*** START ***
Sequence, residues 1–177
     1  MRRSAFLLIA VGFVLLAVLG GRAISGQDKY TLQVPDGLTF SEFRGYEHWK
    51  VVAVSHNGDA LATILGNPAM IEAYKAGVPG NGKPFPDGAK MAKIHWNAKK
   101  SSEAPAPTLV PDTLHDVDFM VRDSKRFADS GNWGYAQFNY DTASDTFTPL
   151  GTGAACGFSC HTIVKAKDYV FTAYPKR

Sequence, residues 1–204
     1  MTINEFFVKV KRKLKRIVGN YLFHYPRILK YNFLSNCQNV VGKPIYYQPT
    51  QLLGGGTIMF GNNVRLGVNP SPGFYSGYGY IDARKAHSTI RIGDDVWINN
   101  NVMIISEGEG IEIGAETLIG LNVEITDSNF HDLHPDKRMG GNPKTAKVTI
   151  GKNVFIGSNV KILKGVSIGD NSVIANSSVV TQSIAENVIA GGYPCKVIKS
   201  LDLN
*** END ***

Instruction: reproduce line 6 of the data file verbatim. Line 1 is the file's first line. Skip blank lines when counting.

Sequence, residues 1–204